By Morné Gouws (SAFOLs Brick Deputy)
What had the makings of an innovative creation from LEGO® Technic becomes a bland venture into roads well-travelled.
As an avid LEGO® Technic fan, I leapt at the chance to review the LEGO® Technic 42096 – Porsche 911 RSR. I couldn’t help but compare it to my other builds and while glamourous and sexy, it lacked the finer workings that could’ve made it great.
The LEGO® Technic 42096 – Porsche 911 RSR is a standard build, beginning with the front and rear axle, suspension and transmission before moving onto the more complicated steering mechanism.
From there, you’ll move onto the bodywork, starting with the sides and doors where many of the detailed stickers come into play. The headlights are bulkier than the original car but fits quite well with the design. The bottom of the front bumper uses the gear racks that can be found in the bucket wheel excavator, but in black.
We then move to the back of the car to make the engine cover and back bumper. There are some interesting techniques used to keep elements at certain angles. The engine cover is a bit difficult to open up but gives you full access to the engine.
A nice addition to this build as some of the interesting facts that you’ll find in the instructions booklet.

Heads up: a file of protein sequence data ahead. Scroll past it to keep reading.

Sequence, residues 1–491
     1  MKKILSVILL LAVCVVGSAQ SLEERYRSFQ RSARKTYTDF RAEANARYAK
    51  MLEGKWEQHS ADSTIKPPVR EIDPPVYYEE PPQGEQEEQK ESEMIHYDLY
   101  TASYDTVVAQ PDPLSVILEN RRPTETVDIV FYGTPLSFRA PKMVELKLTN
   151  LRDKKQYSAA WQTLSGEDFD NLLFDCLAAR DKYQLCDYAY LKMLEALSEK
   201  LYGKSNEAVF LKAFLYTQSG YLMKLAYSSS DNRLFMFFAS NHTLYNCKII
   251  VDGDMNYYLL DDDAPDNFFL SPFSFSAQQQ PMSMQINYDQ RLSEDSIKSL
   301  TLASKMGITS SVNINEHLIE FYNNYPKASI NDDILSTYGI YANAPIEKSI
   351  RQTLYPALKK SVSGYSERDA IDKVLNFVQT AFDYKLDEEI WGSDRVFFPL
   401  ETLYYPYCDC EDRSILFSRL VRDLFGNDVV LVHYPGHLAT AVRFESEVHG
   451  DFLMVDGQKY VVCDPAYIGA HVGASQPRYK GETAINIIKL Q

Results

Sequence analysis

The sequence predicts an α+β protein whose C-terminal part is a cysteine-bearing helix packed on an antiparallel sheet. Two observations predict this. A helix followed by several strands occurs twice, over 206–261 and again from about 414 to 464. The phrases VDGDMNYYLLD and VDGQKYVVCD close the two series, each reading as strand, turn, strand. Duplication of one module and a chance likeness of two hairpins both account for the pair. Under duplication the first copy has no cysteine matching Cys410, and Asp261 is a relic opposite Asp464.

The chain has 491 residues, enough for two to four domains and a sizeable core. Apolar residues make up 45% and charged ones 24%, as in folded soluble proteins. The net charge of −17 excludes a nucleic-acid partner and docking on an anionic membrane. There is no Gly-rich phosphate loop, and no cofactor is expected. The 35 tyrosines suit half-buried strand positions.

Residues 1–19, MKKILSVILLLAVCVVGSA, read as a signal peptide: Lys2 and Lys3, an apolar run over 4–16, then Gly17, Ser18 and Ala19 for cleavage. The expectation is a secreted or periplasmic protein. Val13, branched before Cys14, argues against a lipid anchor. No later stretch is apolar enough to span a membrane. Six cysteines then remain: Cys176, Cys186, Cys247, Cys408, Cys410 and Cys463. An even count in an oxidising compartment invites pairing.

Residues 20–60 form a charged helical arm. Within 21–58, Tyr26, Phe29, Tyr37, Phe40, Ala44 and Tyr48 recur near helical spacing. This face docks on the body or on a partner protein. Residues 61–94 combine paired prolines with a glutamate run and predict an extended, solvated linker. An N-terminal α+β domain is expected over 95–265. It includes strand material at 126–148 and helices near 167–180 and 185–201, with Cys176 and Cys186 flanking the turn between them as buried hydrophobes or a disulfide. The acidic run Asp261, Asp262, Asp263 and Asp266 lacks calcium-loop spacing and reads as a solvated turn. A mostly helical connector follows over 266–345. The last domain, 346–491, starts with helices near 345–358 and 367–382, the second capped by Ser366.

What’s done well
One of the best things about being a LEGO® enthusiast is discovering how creative and intelligent the designs can get. The Porsche 911 RSR is no exception. A lot of effort has gone into mirroring the design of the real deal – most notably around the bumper and framework of the car itself.
Overall it’s an excellent model but don’t expect it to match up to the LEGO® Technic 42056 Porsche 911 GT3 RS.
The design is packed with details, both inside and out – expectedly since you get over 50 stickers in the set. You’ll spot details like the map of the track, the rear-view camera, etc. so if you have a keen eye for detail above functionality, this one’s for you.
This one would’ve been great to motorise as a standout feature and with some tweaks like HOG steering, stabilised gear rack, higher clearance, shifters and a geared up engine it could become an ultimate play set.
What could’ve been better
Even the most patient builder will balk at the massive 13 unnumbered bags, so be prepared to look hard for the parts you need.
The back engine cover is a clunky piece of creation which holds back its sleekness and basic steering functionality lends it to the standard expectations of a Technic build.
A little more fizzle than sizzle but a good choice for the Technic novice.
What you’ll find in the box
– 1 580 pieces
– 2 large sticker sheets of 52 individual stickers
– 13 unnumbered bags
– 4 loose tyres